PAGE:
In part 3 of this 4 part series we looked at an example of gentle, determined consistency when enforcing classroom limits. If you missed any of the earlier parts, you can read part 1 here, part 2 here, and part 3 here. You can also download the entire article as a PDF file here.

To help you learn to enforce limits in a gentle, consistent way, I want to list some hurdles you many face with suggestions about how to deal with them. Prayerfully consider them and ask God to help you overcome any hurdles that you find present real challenges to you.

1. Old Habits — If you’re not used to enforcing limits, your first attempts to do so may make you feel uncomfortable. In turn you’ll find it easy to revert back to familiar ways and be tempted to let inappropriate behavior slide.

But swallow hard and set your mind to tolerating the discomfort of your new ways of following through with enforcing your limits. Remind yourself that each time you do this, it will get easier. Also, stay focused on the fact that an orderly classroom is good for everyone, including the student on whom you are enforcing limits.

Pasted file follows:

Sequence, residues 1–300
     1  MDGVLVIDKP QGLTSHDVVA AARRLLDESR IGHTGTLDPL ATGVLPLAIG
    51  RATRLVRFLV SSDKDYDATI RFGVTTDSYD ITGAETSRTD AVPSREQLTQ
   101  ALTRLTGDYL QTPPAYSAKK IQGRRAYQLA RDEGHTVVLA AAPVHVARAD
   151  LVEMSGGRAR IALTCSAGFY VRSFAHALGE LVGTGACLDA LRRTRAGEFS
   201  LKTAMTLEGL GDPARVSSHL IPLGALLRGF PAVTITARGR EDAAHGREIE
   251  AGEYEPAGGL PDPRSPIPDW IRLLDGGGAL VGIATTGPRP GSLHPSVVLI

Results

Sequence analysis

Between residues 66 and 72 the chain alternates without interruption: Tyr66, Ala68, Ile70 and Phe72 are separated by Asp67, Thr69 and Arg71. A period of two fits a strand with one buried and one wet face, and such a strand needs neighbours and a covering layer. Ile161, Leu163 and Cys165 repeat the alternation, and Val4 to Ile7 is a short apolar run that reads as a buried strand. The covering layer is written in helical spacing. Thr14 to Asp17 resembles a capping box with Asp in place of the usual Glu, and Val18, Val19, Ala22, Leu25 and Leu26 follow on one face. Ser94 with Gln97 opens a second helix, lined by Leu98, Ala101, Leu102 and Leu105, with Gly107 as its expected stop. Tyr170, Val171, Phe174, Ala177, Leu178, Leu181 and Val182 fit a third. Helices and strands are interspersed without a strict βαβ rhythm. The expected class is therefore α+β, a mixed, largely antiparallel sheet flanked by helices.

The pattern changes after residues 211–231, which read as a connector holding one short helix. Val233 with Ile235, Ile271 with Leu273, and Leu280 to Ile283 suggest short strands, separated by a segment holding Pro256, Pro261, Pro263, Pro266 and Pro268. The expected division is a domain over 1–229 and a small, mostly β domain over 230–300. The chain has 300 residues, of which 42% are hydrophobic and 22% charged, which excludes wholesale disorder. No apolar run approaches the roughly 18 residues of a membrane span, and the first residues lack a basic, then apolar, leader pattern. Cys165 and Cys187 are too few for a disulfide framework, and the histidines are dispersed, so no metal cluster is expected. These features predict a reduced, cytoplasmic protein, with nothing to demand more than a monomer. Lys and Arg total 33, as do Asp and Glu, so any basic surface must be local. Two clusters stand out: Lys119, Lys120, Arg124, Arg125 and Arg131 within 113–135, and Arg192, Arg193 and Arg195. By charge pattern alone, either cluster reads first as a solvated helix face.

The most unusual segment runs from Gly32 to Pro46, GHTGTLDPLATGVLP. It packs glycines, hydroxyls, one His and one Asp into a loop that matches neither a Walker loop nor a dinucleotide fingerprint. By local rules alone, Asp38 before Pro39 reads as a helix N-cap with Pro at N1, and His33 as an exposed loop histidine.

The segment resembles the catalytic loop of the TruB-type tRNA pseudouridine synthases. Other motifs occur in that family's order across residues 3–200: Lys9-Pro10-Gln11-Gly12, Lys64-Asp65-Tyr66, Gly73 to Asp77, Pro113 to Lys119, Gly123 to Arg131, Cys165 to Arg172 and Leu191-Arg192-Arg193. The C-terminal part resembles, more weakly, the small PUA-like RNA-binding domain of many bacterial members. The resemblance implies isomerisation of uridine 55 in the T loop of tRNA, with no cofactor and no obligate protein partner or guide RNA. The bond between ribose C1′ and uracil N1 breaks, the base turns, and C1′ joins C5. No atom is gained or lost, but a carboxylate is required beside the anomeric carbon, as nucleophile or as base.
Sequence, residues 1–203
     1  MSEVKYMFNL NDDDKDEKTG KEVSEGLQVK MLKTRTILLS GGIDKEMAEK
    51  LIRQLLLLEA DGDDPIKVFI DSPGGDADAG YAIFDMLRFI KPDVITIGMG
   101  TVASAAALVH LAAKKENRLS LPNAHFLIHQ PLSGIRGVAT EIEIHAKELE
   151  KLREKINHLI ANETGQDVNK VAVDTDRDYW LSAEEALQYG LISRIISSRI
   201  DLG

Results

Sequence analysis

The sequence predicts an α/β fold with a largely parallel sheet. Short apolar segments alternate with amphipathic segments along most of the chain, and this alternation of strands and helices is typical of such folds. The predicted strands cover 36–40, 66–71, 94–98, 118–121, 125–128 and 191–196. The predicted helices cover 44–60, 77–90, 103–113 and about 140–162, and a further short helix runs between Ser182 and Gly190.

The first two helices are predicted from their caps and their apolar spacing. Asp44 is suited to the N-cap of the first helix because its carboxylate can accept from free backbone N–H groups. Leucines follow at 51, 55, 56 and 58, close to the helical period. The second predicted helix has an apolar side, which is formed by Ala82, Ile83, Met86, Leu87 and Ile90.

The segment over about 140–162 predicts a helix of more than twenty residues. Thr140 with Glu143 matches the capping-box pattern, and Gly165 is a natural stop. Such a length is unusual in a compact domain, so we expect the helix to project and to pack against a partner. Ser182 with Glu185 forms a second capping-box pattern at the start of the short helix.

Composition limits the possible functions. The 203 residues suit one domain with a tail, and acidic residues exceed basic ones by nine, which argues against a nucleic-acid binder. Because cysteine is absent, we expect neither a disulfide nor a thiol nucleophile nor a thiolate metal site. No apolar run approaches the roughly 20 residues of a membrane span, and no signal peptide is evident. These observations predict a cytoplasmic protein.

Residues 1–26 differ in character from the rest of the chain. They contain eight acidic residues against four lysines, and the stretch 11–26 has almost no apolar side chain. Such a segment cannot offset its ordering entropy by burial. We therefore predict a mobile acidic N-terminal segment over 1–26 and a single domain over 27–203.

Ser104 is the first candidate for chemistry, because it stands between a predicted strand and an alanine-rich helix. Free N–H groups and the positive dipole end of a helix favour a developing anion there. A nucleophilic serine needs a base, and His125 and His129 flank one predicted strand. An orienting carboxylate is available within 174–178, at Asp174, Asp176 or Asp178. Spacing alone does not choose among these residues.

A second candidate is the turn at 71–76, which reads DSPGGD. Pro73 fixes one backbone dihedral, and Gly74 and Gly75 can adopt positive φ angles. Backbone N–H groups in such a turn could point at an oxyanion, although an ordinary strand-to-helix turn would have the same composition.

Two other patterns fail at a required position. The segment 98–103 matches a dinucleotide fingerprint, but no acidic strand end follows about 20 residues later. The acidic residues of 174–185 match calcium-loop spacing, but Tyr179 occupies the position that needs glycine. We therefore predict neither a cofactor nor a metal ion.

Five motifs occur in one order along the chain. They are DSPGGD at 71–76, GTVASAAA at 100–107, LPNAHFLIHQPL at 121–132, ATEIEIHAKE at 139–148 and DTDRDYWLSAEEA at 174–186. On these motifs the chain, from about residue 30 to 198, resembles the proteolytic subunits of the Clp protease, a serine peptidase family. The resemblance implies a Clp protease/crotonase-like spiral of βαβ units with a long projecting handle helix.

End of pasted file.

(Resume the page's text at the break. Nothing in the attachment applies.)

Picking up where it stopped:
2. Fear — As we touched on earlier, you may fear that if you begin enforcing limits, the children in your class will come to see you as a harsh, joyless disciplinarian.

While this is certainly a possibility, you can avoid this becoming a reality. What it takes is for you to commit yourself to remaining calm and in control of your emotions as you enforce limits. As much as possible treat your enforcement actions nonchalantly. If you can keep your emotions under control, you’ll be much more likely to avoid harsh behavior.

Don’t let fear hold you back. The advantages are worth the risk.